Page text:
Surely by now you’ve inhaled Netflix’s latest binge-worthy crime series Mindhunter and have clicked on this article because, like us, you’re toeing a fine line between complete infatuation and pure unadulterated infuriation with series protagonist, and potential Aussie car salesman, Holden Ford.
Special Agent Holden Ford – or ‘Car-y McCarface’ if we’re sticking with typical ’17 nicknaming conventions – is the fresh-faced FBI agent us true crime junkies have all been waiting for. The character of Holden was based on John E. Douglas, the author of the autobiography Mindhunter: Inside the FBI’s Elite Serial Crime Unit from which the series was adapted for Netflix. The series was directed by David Fincher, with Charlize Theron credited as executive producer.
In the opening scene of episode one, we witness Holden’s inherent empathy and tact for handling the mentally ill in hostage situations. I mean, compared to his ham-fisted colleagues who would rather brandish a gun at every problem, the kid has heart. Within the first ten minutes, the baby-faced agent has managed to nuzzle his way into the hole we quietly reserve for our macabre and morbid fascinations. That’s why we clicked on Mindhunter in the first place, right?
But it isn’t long until Holden – the mysterious human sweater – starts to unravel; revealing glimpses of his inherent man-baby, and oft-times abrasive brattiness. And yet, our desire to see the aspiring criminal behavioural analyst succeed rests comfortably on par with our fury. Ergo, here are three reasons why we’re walking a tightrope between love and hate for Agent Ford.
Holden’s Insta-worthy Inspirational quips
‘You want truffles? You gotta get in the dirt with the pigs.’
The only acceptable response to this little ditty is three consecutive ‘prayer-hands’ emojis and/or an almighty Ilana Glazer-esque ‘YAS KWEEN’. If this isn’t an Instagram-worthy quote to live your life by, then there is no pleasing you.
Power struggles with his feminine side
Holden (for the most part) admires and respects his female peers. He falls for his girlfriend Debbie because she is strong and challenges him on an academic level, and he’s head over Jerry Brudos’ heels for his intelligent and assertive boss, Wendy Carr. Holden is (initially, at least) in awe of Debbie and Wendy’s intelligence, and insists their superiority in the brains department doesn’t intimidate him. And if that anti-macho rhetoric isn’t juicy enough for you, say hello to Holden the ‘considerate lover who regularly initiates cunnilingus’. Debbie, lock this guy down immediately.
Alas, for a supposedly new-age feminist dude (for the ’70s, at least), Holden really shits the bed when he nags Debbie to ‘act like a girlfriend’. I mean, he literally tells her to shut up and listen to his endless complaining and seemingly incessant behavioural analysis – IN THE MIDDLE OF A SUPERMARKET. It was bad enough witnessing Holden barge in on her late-night college cram session and completely disregard her wishes to write her paper in peace. Instead, he sits there childishly fidgeting before launching into an obnoxious work-related tirade, literally forcing Debbie to listen to him. My inner feminist quickly changed tune to screaming, ‘Debbie, RUN!’.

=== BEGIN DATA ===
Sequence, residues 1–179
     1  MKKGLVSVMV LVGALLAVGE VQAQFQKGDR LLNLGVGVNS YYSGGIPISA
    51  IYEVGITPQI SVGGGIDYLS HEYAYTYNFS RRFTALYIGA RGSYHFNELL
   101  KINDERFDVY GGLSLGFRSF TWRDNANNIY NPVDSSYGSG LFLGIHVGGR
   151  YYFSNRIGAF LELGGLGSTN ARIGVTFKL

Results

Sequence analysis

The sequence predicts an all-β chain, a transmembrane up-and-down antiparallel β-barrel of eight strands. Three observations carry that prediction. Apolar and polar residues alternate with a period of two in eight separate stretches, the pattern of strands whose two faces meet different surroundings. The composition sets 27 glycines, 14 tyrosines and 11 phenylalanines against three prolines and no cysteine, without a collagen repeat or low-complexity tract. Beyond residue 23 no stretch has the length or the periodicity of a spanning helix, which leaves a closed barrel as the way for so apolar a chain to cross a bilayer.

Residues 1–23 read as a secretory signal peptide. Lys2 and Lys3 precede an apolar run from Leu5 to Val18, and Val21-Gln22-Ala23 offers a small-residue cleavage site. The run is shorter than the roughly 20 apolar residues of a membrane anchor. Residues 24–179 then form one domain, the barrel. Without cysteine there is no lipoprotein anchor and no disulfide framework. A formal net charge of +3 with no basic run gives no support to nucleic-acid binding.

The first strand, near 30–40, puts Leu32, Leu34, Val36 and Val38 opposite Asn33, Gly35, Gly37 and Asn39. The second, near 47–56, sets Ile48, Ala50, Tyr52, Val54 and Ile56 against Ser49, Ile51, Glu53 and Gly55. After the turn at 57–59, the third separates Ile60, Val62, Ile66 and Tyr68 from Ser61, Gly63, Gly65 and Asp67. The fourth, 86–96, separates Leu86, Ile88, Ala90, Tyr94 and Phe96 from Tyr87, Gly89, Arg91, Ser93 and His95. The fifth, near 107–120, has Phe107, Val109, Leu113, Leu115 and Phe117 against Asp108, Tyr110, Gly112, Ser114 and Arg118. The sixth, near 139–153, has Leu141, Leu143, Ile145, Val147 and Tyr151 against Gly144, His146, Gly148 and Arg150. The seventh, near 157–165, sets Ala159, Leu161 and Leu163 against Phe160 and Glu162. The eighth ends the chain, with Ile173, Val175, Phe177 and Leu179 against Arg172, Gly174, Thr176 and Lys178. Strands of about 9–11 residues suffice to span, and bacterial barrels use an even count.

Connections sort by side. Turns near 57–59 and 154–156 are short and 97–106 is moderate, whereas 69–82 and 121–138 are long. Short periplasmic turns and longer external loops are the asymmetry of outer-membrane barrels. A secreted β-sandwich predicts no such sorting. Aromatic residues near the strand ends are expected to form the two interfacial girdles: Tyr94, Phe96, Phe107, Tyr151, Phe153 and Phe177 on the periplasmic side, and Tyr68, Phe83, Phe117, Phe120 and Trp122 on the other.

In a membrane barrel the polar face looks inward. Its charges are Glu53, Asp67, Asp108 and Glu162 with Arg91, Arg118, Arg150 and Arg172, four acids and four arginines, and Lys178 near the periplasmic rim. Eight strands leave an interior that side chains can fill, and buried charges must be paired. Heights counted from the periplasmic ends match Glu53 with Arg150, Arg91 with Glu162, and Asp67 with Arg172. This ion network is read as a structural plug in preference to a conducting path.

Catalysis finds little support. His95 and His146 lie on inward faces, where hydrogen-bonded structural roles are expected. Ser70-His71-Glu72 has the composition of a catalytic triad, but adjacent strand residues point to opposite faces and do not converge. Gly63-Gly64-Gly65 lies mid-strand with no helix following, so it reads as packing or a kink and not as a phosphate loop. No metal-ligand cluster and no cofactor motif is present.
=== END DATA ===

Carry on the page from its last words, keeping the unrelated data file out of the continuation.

Roger Wade, a vivacious school principal, gives Holden cause for concern when a number of complaints regarding his ‘punishment’ of students surface on the schoolyard. Wade’s penchant for tickling children’s feet in the confines of his office, and then slipping them a dime for their troubles is, umm shall we say, a questionable method of disciplining. The fact that a person in a position of power is paying children to touch them behind closed doors is objectively wrong. But at the same time, the overzealous Wade insists it is only tickling and the children certainly aren’t complaining – after all, this little piggy went to market and came back with a pocketful of change.
At the time of viewing, I was sitting on the fence with this – big time. The plot line read like a conscious ploy to highlight society’s tendency to assume the worst in everyone, particularly middle-aged men. Having said that, if this act of ‘discipline’ was just as innocent as tickling is intended to be – Roger Wade should have had no qualms in abandoning this absurd ritual as per the parents’ requests. Alas, Holden writes himself back in our good books for ‘suggesting’ Wade was acting inappropriately and thus getting that predator the well-deserved boot.
So, should we really be love/hating John E. Douglas or David Fincher? Was Holden an accurate or (likely) dramatised depiction of John all along? We know that the serial killers he interviewed were quoted almost verbatim in Netflix’s portrayal of events, but would it be so farfetched to imagine Fincher assuming creative licence over some of John’s more ‘challenging’ nuances?
Despite our love/more-hate-towards-the-end relationship with Holden, season one of Mindhunter was objectively one of the best and binge-worthy series on Netflix to date. The ’70s-inspired cinematography was both artful and supplemented the underlying dark reality of the storyline. The dreary, and at times bordering on lifeless (pun unintended), energy somehow made it all the more appealing. I don’t have experience in filmmaking, so I can’t even begin to imagine how that works – but by gosh, bingeing the series in two days proves it does. As morbid as our fascination with true crime is, it truly shines a harsh and unflattering light on the ever-troubling nuances of humankind – hopefully in turn, rendering us all the more observant and empathetic for it.
What did you love or hate about Holden Ford, or Mindhunter in general? Let us know below!